Code:
    
    Size  Loss
     GB   GiB
    
      4    0.3
     16    4.6
     60   40    # Yes, 40 GiB are lost in this case !!!
    
    GB decimal, GiB binary (because this is what is shown by most tools)

    Details are shown in the attached screenshots. Please use the file name to identify each screenshot.



    There are three alternatives to fix this problem:

    1. Ask @Akeo to fix the problem. I have started doing that.

    Edit { Link to a bug report }

    2. Repair the ext3 file system with e2fsck. I have tried that and it works, but you need a working linux operating system for it. It does not work when booted into the drive itself, even when booted live-only, because a log directory seems mounted to the partition and it is busy, cannot be unmounted.

    3. Install another tool in Windows, and create a fresh file system in the partition for persistence, to format it (or should we say re-format it). I have tried with AOMEI Partition Assistent Standard Edition (freeware), and it works (better than Rufus).
    Last edited by sudodus; 3 Weeks Ago at 09:10 AM. Reason: minor edit (screenshot --> each screenshot); link to bug report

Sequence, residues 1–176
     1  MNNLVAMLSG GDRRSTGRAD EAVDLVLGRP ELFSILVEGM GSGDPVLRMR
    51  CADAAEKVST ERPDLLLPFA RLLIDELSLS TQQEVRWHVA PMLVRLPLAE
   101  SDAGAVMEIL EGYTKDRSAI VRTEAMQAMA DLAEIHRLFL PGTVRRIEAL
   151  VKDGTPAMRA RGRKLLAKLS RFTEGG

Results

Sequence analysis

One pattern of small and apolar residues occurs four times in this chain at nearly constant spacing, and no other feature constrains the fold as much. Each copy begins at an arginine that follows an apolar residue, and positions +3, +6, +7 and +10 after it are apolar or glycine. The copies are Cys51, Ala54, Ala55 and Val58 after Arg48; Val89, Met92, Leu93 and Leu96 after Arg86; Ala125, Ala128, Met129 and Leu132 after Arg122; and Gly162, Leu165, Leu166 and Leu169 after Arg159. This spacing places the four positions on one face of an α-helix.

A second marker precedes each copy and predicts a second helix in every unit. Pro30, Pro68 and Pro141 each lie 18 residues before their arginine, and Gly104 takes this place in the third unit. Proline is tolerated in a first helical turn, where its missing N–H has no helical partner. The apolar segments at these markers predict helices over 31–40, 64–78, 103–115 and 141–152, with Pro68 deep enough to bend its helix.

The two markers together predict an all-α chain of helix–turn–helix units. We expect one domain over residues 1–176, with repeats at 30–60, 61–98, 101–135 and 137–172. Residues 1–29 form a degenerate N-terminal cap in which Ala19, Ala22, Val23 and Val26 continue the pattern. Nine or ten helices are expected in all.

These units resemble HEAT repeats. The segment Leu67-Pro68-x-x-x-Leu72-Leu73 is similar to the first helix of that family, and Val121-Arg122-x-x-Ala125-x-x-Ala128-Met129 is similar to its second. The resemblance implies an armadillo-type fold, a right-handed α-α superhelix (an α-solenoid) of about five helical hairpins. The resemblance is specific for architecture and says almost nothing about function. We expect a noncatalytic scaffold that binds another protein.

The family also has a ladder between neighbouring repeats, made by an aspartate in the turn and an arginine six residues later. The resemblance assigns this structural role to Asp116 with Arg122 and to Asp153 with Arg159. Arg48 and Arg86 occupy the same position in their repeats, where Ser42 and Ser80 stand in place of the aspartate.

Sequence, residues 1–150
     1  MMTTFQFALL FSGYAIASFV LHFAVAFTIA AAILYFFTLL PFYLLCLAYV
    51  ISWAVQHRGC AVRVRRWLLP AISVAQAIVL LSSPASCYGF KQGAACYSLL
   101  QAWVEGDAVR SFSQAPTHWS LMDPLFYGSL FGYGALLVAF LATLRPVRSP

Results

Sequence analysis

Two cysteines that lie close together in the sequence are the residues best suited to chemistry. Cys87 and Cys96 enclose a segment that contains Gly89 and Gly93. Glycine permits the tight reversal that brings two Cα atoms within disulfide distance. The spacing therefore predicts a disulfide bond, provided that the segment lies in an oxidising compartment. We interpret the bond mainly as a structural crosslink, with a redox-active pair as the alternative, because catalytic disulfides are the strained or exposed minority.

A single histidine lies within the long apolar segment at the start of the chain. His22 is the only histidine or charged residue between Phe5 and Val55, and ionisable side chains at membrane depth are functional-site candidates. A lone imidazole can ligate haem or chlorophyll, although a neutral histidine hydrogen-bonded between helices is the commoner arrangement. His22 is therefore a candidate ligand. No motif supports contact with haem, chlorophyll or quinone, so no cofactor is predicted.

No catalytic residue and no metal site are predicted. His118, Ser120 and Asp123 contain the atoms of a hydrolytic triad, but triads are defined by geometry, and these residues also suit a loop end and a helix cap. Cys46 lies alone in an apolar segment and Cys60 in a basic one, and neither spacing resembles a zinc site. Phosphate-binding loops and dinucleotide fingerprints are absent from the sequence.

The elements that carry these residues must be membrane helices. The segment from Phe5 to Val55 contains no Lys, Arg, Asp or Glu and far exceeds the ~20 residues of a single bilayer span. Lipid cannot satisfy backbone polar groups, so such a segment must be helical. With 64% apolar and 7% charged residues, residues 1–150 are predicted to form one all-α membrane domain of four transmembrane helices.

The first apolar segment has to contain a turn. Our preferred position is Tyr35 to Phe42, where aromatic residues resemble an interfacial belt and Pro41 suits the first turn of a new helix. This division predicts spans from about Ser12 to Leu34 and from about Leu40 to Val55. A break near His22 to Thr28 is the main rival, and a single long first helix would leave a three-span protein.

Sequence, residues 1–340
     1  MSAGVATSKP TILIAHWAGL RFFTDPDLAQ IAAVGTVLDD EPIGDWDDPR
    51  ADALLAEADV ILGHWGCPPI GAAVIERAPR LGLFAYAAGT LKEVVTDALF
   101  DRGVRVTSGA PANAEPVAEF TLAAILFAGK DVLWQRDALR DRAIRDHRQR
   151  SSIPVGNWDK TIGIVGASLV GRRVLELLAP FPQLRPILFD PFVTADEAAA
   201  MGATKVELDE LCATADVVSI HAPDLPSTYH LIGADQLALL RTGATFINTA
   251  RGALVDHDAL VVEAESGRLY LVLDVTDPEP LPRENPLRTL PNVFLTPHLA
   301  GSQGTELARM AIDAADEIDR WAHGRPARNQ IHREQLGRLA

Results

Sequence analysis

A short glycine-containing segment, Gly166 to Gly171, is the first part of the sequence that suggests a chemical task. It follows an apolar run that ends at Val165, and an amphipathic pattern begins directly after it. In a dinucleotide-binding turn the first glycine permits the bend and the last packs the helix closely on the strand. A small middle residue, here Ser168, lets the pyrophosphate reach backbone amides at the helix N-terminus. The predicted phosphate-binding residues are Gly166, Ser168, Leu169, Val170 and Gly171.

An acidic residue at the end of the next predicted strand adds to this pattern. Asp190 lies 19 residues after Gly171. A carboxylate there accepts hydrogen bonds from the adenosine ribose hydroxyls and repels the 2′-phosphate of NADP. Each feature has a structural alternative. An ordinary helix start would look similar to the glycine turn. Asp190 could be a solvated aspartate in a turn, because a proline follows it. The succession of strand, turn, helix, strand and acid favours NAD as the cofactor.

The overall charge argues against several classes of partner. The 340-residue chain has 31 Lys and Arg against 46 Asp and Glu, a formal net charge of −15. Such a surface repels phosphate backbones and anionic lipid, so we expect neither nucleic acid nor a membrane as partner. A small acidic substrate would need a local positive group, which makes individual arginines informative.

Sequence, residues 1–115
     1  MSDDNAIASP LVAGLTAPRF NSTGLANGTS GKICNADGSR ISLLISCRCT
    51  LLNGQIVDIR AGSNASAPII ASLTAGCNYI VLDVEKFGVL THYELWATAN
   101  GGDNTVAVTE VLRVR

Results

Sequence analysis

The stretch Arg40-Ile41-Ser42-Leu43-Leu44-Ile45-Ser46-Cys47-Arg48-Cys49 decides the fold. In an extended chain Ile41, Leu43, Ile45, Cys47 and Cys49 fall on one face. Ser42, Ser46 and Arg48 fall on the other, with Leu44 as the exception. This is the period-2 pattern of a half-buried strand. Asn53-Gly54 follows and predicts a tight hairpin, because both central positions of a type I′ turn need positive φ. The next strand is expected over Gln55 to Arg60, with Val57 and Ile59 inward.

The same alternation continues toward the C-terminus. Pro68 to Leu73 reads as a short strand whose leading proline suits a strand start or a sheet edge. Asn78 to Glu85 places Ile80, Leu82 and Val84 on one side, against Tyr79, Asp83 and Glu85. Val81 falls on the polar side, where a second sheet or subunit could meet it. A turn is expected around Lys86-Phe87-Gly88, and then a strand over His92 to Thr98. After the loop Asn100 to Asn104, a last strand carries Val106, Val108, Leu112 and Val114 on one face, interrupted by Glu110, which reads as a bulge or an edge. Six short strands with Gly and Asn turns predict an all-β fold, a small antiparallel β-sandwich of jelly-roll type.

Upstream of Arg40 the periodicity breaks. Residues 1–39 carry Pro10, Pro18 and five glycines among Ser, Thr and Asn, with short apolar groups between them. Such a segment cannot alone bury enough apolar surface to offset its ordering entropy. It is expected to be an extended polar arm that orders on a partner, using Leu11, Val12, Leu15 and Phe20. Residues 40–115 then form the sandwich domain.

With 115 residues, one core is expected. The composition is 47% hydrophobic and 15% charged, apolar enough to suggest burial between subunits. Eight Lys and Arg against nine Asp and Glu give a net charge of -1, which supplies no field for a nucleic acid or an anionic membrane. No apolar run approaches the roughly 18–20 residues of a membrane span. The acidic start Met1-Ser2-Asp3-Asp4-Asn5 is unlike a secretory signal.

3. #843
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    Re: Howto make USB boot drives

    mkusb version 12.3.4

    mkusb 12.3.3
    - dus: p_starter: text mode read command updated
    - dus-persistent: upefi for debian buster
    - dus-wipe: part_info: added partprobe
    mkusb 12.3.4
    - dus-persistent: added delays at 'tweak 3 grub.cfg'

    These are minor tweaks or bug-fixes to make mkusb more robust.



    Unstable 1: You get/update this new version of mkusb from the unstable PPA via the following commands

    Code:
    sudo add-apt-repository universe  # this line only for standard Ubuntu
    
    sudo add-apt-repository ppa:mkusb/unstable
    sudo apt-get update
    sudo apt-get install mkusb mkusb-nox                # to install
    # sudo apt-get dist-upgrade                         # upgrade to current version (with all other upgrades), only for installed systems
    
    sudo apt-get install mkusb guidus dus mkusb-common  # to upgrade all mkusb basic components including dus
    
    sudo apt-get install usb-pack-efi  # for persistent live drives that work in UEFI and BIOS mode with 32-bit iso files